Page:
Davo worked the airway lines, where speed was of the essence, and I worked with Billie, who never moved faster than she had to. He was faster than I was, and his hand caught my ponytail as I ran past, pulling me up short. The pain in my scalp was immediate, and familiar. My hair had been pulled before.
“Yes,” he replied, utterly calm. He let go of my hair. I pulled away, turning so that I could see him, and the bottom dropped out of my stomach, leaving me shaky legged and unsure of my next move.
Davo looked at me without blinking, his grip on the small ceramic pistol he’d produced from inside his jacket unwavering.
“You . . . you wouldn’t shoot me,” I said. “Not over this. Not over who owns a pack animal.”
“That’s true,” he said. “But I might shoot you over going behind my back to Grandfather. Over complaining endlessly when I just wanted to do right by this show. Over trapping me here when you refused to let me be your ticket to a better life. You’ve given me lots of reasons to shoot you, over the years.”
“Everyone will just assume you went with your pony. Even Grandfather. And I won’t have to look at you anymore. You won’t defy me. Life will be perfect, once you’re gone.”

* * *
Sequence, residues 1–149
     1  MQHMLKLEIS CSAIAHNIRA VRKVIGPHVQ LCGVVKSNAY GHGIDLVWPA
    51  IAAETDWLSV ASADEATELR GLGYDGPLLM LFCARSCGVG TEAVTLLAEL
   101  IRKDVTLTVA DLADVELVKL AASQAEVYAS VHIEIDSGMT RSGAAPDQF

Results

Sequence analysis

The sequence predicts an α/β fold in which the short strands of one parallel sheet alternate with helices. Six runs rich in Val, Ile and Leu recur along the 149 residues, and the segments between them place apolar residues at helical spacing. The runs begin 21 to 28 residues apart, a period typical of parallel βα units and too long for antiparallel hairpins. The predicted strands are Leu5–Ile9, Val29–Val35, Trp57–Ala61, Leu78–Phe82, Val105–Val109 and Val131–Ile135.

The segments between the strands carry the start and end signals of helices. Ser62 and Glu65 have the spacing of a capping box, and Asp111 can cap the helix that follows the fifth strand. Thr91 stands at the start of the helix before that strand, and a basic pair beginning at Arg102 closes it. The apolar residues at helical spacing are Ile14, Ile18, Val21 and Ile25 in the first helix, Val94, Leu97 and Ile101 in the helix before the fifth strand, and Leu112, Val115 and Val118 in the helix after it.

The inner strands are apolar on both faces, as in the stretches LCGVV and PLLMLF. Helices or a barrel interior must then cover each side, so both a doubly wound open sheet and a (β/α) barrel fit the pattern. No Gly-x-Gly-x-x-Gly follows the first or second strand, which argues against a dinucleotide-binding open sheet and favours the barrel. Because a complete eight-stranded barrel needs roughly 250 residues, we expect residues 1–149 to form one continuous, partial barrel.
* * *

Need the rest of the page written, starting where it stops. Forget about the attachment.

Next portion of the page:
Fighting him wasn’t getting me anywhere. It was just making him more and more sure of himself. Time to stop. I pulled myself up straighter, composing my expression. “Then do it. Prove to me that you can be a Big Man for once in your life. Make a real decision. Kill your kin.”
“I can,” he snarled.
“So do it,” I said.
I’m not sure which one of us was more surprised when he pulled the trigger: him or me. The bullet flew past my head, the wind from its passage ruffling my hair for an instant before it was gone. I stared at Davo, too stunned to scream. He stared back. Then he adjusted his aim fractionally, shifting to ensure that the next shot wouldn’t miss. I didn’t wait for him to fire. I turned and ran.
This time I made it out of the tent without a hand catching in my hair or a bullet taking me in the back. Davo fired again, the bullet punching a hole in the wall of the tent. Almost without thinking, I grabbed the pull tag that would identify me as the tent’s owner and yanked, dancing out of the way. “Run!” I shouted.
I will never know if Davo even tried to escape.
The tent collapsed in on itself, walls folding and sealing back into the small, tight cube that it became in its storable state. Davo screamed once, the sound quickly cut off by the rustle of fabric and the snapping of bones. I stayed where I was, breathing heavily, and only belatedly became aware of a hot, wet feeling spreading across my upper arm. I turned to look, and was somehow unsurprised to see that Davo’s second bullet had ripped a trench along the outside of my bicep.